• synonyms


[kuh-men-suh l]
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  1. eating together at the same table.
  2. Ecology. (of an animal, plant, fungus, etc.) living with, on, or in another, without injury to either.
  3. Sociology. (of a person or group) not competing while residing in or occupying the same area as another individual or group having independent or different values or customs.
  1. a companion at table.
  2. Ecology. a commensal organism.

Origin of commensal

First recorded in 1350–1400; Middle English word from Medieval Latin word commēnsālis. See com-, mensal2
Related formscom·men·sal·ism, nouncom·men·sal·i·ty [kom-en-sal-i-tee] /ˌkɒm ɛnˈsæl ɪ ti/, nouncom·men·sal·ly, adverb
Dictionary.com Unabridged Based on the Random House Unabridged Dictionary, © Random House, Inc. 2018

Examples from the Web for commensal

Historical Examples

  • The shells of hermit-crabs serve frequently as the home of other animals which live with them a commensal life.

    The Sea-beach at Ebb-tide

    Augusta Foote Arnold

  • Pinnixa cylindrica, a related species, lives in the tubes of large annelid worms as a commensal.

    The Sea-beach at Ebb-tide

    Augusta Foote Arnold

  • My specimen was not commensal, but was hidden among the mollusc tubes.

  • Chance must play a very considerable part in first bringing symbiotic or commensal partners together.

  • They are supposed to be commensal in habit and live in the deeper water offshore.

    The Sea-beach at Ebb-tide

    Augusta Foote Arnold

British Dictionary definitions for commensal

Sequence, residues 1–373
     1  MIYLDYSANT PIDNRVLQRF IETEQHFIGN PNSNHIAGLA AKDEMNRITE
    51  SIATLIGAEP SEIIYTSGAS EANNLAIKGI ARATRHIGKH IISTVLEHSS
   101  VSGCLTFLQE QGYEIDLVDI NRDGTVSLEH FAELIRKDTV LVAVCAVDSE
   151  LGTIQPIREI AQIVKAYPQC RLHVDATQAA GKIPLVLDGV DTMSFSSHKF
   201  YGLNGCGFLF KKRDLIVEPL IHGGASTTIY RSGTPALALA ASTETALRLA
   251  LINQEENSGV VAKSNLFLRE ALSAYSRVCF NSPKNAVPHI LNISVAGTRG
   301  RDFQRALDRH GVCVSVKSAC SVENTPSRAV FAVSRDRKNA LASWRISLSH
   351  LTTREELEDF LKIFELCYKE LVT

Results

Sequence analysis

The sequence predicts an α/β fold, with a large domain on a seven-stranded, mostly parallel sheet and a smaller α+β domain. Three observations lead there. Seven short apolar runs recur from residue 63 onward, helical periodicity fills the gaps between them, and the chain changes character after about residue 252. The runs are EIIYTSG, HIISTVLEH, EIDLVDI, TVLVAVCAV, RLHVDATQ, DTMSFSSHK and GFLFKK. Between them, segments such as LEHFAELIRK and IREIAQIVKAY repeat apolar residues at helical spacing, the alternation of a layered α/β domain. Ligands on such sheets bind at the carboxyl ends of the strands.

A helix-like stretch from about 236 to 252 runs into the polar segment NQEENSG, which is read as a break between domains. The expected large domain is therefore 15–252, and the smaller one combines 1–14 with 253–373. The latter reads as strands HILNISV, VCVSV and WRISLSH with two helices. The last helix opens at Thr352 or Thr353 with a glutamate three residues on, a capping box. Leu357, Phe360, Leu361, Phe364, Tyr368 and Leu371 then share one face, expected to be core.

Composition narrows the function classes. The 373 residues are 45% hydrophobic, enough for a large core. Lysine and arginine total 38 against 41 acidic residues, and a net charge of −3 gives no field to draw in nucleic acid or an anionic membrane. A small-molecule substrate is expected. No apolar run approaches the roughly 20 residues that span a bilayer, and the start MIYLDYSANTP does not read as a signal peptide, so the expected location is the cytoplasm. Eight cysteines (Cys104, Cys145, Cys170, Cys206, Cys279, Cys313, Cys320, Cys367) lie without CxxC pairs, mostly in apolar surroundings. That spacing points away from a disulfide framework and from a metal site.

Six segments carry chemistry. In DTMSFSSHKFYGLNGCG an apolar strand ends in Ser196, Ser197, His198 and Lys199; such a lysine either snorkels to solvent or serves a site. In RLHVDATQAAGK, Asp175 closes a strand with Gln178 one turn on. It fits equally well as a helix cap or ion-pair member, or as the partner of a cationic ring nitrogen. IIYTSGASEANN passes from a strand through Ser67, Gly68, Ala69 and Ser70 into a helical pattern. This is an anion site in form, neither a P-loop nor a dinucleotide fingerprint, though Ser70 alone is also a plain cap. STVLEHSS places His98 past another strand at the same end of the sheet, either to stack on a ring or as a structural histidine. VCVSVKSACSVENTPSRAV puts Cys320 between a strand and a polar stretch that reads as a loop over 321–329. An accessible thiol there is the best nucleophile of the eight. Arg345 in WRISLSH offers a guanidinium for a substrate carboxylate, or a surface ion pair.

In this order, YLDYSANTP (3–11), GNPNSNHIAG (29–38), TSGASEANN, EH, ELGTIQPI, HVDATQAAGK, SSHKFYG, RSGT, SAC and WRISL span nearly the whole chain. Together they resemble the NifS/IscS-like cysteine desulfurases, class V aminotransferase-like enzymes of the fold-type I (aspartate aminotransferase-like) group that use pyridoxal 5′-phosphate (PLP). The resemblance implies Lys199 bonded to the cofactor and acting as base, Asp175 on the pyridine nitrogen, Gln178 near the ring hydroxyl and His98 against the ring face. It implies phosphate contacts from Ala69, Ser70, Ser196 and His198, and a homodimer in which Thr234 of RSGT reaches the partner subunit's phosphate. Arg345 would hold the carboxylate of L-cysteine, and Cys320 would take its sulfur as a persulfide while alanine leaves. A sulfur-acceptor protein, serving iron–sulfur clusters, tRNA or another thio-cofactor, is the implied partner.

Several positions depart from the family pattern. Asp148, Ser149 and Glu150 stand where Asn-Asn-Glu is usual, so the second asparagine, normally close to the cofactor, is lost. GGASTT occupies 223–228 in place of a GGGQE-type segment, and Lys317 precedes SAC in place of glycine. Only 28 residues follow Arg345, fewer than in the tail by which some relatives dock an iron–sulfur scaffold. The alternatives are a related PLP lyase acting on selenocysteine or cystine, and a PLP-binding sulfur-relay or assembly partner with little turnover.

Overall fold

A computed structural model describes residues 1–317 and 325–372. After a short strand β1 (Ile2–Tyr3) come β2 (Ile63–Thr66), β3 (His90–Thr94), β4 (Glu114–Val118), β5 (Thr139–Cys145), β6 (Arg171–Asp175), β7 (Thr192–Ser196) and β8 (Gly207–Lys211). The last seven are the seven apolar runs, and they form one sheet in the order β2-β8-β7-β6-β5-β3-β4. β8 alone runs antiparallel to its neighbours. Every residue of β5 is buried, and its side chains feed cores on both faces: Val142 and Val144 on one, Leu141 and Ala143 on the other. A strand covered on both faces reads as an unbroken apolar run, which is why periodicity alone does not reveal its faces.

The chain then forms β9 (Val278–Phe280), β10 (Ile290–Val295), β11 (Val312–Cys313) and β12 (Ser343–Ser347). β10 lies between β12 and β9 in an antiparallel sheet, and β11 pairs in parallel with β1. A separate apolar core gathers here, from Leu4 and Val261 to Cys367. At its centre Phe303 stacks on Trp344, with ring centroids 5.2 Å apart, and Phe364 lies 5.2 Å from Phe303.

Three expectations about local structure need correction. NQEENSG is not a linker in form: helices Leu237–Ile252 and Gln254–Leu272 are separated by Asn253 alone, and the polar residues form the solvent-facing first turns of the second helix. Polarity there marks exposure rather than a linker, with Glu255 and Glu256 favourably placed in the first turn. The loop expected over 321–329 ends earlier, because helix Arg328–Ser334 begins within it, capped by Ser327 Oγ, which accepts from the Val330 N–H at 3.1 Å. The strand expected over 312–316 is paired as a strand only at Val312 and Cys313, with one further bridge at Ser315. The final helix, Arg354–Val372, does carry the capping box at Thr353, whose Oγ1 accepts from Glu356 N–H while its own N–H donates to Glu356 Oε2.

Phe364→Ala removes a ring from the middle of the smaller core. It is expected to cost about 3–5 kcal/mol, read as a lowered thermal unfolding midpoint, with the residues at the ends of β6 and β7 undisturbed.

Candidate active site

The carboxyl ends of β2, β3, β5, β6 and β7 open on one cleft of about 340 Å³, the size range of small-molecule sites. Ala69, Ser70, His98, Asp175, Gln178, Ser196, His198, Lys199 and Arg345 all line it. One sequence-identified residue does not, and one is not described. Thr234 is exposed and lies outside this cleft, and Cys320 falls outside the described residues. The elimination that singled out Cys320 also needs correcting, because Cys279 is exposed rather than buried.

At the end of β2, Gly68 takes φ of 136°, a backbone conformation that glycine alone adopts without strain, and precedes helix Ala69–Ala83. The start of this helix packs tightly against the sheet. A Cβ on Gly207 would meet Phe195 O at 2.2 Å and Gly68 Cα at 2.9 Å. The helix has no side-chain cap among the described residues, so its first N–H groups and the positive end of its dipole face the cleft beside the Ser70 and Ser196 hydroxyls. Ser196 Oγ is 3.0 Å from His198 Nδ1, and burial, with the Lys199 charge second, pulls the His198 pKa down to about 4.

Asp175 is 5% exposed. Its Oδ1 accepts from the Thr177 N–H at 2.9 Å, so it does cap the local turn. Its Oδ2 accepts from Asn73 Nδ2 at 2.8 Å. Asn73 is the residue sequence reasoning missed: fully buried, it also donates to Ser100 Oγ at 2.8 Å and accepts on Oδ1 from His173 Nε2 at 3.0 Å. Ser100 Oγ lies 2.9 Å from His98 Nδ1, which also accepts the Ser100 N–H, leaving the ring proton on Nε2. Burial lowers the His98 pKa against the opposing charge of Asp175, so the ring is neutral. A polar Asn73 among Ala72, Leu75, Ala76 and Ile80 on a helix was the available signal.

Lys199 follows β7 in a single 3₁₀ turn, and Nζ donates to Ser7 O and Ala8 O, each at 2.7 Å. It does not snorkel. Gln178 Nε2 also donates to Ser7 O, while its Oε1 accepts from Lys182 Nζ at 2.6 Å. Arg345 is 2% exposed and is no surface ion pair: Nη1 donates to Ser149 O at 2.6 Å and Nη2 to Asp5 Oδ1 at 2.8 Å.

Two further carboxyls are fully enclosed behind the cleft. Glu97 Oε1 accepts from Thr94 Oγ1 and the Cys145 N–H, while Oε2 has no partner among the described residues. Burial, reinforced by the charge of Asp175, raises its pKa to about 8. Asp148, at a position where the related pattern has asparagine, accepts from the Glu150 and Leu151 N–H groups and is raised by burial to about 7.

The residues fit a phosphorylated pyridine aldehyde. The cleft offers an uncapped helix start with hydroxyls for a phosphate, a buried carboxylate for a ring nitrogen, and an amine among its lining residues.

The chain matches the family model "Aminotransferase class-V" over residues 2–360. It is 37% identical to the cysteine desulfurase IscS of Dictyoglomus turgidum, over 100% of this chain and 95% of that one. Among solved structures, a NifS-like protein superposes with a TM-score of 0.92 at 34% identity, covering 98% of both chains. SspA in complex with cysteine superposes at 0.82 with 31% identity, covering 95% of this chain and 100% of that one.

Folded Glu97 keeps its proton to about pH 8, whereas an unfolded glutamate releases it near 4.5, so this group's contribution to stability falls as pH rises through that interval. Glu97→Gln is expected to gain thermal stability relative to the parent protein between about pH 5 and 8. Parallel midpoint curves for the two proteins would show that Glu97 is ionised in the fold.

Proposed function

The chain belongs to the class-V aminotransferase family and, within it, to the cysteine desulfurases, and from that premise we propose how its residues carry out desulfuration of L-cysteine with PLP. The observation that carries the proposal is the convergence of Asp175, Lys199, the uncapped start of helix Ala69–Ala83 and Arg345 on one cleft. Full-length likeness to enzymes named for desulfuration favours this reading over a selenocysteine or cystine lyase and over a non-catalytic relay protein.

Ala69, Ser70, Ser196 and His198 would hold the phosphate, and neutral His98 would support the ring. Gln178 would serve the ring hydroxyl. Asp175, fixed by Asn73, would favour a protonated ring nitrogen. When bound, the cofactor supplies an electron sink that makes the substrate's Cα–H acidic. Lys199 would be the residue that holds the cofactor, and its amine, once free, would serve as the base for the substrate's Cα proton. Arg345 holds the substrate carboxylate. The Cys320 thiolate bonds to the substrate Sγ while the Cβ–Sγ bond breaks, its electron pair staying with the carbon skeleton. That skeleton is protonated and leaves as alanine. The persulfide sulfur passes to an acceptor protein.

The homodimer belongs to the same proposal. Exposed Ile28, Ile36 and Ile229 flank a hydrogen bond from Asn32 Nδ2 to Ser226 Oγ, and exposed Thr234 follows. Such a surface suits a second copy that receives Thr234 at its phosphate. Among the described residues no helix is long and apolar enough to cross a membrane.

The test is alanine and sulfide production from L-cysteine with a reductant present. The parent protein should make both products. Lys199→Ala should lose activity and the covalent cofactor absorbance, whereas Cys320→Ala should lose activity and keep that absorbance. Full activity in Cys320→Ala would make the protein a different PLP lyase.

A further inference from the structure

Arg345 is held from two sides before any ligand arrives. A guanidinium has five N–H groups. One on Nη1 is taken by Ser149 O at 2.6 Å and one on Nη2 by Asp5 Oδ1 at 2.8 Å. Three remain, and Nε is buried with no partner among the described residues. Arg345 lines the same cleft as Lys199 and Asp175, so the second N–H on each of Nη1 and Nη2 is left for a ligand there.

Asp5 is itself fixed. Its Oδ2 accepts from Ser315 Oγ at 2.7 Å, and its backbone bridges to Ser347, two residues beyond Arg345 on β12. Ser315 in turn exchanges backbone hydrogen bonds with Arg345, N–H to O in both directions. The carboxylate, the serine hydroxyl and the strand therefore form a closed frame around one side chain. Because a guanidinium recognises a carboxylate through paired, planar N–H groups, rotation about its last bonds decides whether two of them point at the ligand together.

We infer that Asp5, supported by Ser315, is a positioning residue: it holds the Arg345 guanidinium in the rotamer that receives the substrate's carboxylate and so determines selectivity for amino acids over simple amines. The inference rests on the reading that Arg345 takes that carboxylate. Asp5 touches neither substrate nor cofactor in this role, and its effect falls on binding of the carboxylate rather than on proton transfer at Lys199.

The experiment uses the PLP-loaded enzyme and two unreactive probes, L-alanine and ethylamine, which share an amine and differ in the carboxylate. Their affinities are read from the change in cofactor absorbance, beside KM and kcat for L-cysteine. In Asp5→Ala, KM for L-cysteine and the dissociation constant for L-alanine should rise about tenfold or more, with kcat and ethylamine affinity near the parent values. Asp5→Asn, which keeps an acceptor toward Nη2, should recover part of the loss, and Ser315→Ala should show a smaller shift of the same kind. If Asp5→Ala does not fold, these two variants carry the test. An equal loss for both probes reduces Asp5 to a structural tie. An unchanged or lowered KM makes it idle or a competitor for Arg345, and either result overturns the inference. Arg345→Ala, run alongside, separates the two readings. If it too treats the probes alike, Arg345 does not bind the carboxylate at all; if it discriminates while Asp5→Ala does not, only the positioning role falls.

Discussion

1. (of two different species of plant or animal) living in close association, such that one species benefits without harming the other
  2. rare of or relating to eating together, esp at the same tablecommensal pleasures
  1. a commensal plant or animal
  2. rare a companion at table
Derived Formscommensalism, nouncommensality (ˌkɒmɛnˈsælɪtɪ), nouncommensally, adverb

Word Origin

C14: from Medieval Latin commensālis, from Latin com- together + mensa table
Collins English Dictionary - Complete & Unabridged 2012 Digital Edition © William Collins Sons & Co. Ltd. 1979, 1986 © HarperCollins Publishers 1998, 2000, 2003, 2005, 2006, 2007, 2009, 2012

Word Origin and History for commensal


"one who eats at the same table" (as another), c.1400, from Old French commensal (15c.), from Medieval Latin commensalis, from com- "together" (see com-) + mensa (genitive mensalis) "table" (see mesa). Biological sense attested from 1870.

Online Etymology Dictionary, © 2010 Douglas Harper

commensal in Medicine


  1. Of, relating to, or characterized by a symbiotic relationship in which one species is benefited while the other is unaffected.
  1. An organism participating in a symbiotic relationship in which one species derives some benefit while the other is unaffected.
The American Heritage® Stedman's Medical Dictionary Copyright © 2002, 2001, 1995 by Houghton Mifflin Company. Published by Houghton Mifflin Company.